But what can we learn? Perhaps the lessons lie in the way that Fascism and by extension other extreme-right ideologies are able to fluctuate, shift in ideology and to remain powerful despite changes. As one form of Fascism falls in popularity, it is the innate ability of Fascism to change its face, manifest itself pragmatically in other forms.

Perhaps too we must recognize the power of a common cause. Far-right groups may no often get along with each other based on major doctrinal differences, but given a large enough, potent enough common enemy, groups tend to coalesce into a unified resistance. From the Carlists and Francoists in Spain, to neo-fascists in postwar Europe, this trend remains a powerful one.

But all of this speculation is difficult to truly give full credence to. Fascism itself is so hard to pinpoint that it is difficult to truly say what neo-fascism has done differently. In many ways, the attempts by the New Right to modernize and regain popular support is not too different from the shift to Fascism from older forms of right-wing thought.

So… here we are again. Trying to classify something that shifts by its very nature. To say it’s difficult is… an understatement.

Identity, Media and the Transnationality of the New Right Movements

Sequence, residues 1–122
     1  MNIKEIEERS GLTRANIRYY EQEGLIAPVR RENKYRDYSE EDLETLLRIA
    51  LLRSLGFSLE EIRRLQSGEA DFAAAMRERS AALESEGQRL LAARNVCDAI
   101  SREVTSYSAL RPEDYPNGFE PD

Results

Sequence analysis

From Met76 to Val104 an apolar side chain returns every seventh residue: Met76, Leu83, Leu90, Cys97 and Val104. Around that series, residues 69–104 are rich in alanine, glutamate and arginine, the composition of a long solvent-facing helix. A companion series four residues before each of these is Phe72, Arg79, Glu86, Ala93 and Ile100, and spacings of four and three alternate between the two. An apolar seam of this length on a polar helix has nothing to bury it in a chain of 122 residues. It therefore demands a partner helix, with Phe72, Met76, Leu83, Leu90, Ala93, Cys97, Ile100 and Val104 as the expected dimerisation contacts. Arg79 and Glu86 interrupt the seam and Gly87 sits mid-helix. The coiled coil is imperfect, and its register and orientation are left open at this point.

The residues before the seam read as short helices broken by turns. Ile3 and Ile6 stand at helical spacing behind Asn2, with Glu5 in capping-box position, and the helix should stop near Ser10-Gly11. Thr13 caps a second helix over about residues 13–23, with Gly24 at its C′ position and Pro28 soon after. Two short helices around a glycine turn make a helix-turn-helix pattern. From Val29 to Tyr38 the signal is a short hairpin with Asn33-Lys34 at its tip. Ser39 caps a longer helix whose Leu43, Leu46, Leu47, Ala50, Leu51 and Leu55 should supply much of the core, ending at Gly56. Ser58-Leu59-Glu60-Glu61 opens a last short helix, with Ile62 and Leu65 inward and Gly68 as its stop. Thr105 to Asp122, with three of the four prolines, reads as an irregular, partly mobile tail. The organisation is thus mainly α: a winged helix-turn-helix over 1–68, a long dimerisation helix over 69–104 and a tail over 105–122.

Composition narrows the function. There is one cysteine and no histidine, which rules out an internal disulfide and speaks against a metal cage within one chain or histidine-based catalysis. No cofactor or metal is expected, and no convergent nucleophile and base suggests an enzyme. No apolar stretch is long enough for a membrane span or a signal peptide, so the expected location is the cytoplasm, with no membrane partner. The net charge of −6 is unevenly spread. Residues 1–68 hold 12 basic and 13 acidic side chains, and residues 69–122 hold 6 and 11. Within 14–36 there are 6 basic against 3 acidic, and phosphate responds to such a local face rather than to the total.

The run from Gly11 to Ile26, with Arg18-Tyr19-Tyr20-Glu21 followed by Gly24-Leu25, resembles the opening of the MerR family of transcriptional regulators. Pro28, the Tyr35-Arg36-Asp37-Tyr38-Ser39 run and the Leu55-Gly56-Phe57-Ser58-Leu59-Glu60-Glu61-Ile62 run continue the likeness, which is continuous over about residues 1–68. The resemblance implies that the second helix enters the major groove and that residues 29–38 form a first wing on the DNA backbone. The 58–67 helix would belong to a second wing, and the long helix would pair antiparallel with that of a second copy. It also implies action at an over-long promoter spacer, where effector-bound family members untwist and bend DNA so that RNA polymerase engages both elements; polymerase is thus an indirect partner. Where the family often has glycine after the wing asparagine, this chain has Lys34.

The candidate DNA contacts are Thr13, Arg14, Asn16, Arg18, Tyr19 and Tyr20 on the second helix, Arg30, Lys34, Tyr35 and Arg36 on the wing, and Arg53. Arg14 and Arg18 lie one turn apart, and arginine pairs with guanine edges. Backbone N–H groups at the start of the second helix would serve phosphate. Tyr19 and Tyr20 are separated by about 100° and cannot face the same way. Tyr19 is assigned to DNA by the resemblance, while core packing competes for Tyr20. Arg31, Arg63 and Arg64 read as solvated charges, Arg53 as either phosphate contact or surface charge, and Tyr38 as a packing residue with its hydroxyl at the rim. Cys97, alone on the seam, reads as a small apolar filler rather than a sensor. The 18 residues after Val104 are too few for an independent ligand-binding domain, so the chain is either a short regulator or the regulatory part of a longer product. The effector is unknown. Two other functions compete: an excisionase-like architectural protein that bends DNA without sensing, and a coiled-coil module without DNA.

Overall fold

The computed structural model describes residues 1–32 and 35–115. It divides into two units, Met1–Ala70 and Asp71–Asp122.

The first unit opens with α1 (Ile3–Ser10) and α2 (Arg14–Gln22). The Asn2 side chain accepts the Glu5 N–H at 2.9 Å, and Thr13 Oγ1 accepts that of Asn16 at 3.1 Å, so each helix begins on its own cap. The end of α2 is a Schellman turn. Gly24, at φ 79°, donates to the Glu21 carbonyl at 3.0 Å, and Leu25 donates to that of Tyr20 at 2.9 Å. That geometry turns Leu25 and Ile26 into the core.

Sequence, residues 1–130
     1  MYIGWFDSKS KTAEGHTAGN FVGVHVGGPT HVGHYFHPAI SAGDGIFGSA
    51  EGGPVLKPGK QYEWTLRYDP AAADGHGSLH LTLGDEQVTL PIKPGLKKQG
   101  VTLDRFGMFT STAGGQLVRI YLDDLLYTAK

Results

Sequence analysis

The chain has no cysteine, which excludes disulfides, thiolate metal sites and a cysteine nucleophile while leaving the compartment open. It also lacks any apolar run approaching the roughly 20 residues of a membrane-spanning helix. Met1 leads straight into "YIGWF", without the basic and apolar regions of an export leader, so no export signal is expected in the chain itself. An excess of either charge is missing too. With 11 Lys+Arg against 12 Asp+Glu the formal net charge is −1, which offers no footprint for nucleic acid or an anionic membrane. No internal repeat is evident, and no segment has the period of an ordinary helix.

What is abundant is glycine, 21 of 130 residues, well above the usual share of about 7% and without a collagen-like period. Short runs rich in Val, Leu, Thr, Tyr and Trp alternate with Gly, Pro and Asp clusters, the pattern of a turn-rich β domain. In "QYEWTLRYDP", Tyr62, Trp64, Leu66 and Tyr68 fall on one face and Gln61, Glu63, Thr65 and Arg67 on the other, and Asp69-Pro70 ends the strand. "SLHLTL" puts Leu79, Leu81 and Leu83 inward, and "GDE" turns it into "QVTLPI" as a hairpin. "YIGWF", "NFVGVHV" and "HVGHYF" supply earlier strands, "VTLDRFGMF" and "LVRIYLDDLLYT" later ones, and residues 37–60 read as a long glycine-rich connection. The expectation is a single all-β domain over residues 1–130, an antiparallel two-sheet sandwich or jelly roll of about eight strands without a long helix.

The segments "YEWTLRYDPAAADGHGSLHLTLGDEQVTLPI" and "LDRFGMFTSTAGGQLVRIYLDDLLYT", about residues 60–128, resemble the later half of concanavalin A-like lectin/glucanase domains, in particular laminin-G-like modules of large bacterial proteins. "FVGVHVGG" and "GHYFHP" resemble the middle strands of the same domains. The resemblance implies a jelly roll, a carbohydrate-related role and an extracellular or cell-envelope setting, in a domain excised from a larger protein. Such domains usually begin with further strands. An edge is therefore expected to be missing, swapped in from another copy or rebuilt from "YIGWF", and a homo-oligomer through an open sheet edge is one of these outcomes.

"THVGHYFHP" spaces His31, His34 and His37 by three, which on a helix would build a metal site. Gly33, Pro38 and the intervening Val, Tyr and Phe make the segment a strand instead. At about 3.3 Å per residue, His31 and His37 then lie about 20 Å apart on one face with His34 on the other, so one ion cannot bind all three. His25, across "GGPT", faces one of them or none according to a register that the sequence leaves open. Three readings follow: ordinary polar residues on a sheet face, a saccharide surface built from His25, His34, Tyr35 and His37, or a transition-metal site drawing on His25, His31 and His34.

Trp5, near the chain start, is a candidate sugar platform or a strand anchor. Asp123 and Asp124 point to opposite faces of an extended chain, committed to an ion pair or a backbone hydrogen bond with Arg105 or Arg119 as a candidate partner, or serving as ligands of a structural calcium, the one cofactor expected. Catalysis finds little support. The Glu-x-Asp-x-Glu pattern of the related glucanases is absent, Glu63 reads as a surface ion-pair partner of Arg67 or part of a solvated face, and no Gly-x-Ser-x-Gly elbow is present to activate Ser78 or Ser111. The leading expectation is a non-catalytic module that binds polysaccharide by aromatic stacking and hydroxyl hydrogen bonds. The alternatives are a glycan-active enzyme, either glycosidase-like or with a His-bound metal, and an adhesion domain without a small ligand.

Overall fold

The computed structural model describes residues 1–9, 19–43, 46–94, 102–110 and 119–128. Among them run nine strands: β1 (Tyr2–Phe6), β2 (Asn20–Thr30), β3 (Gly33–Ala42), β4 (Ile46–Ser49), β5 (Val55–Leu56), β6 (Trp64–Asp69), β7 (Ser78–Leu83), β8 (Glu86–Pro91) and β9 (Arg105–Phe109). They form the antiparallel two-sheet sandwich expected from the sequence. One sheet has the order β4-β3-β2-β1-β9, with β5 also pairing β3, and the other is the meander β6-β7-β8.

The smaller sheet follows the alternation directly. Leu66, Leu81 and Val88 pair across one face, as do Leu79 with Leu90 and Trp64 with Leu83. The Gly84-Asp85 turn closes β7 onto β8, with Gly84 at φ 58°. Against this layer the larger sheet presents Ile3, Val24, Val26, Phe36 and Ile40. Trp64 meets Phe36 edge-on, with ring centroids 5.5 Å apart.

The new Right movements have started to rise again similarly to how they first rose in the late 60s. Their influence is of a transnational reach, which is interesting as the movement itself is grounded on ultra-nationalistic ideology. Based on a chosen national identity, it is interesting that it is also considered transnational because, as Tamil Bar-On writes, identity is often not paired with only one nation, but a panoply of them. We can point back to the conversation we had quite a few weeks ago about Fascism and internationalism and say that like fascism, the new right knows the importance of internationalism as a pragmatic approach to realizing its goals and getting support. Also, Riccardo Marchi points out that the failure of some of the new right movements in Europe reflects a lack of interest from the population because of a lack of media attention. Media attention, which is surely as national as it is international, is in fact part of that transnational outreach. In the age of media and information, it is interesting to see how influential the media is in shifting the political stage. Could we imagine certain political personalities of this age having taken the position they have now without media attention? Another question one might ask is how much media is influencing the political stage, nationally and globally? Even at the beginning of the new right movements in France or Portugal, how much could we accord the formation of these movements to information circulation? This is considering the fact that these movements were born from pulling numerous ideological concepts from a multiplicity of other states, making the movement very transnational. So, what to make of the importance of the media in the creation of these movements and is there really a national identity or are we simply circling back to the idea of a new man by creating a national identity?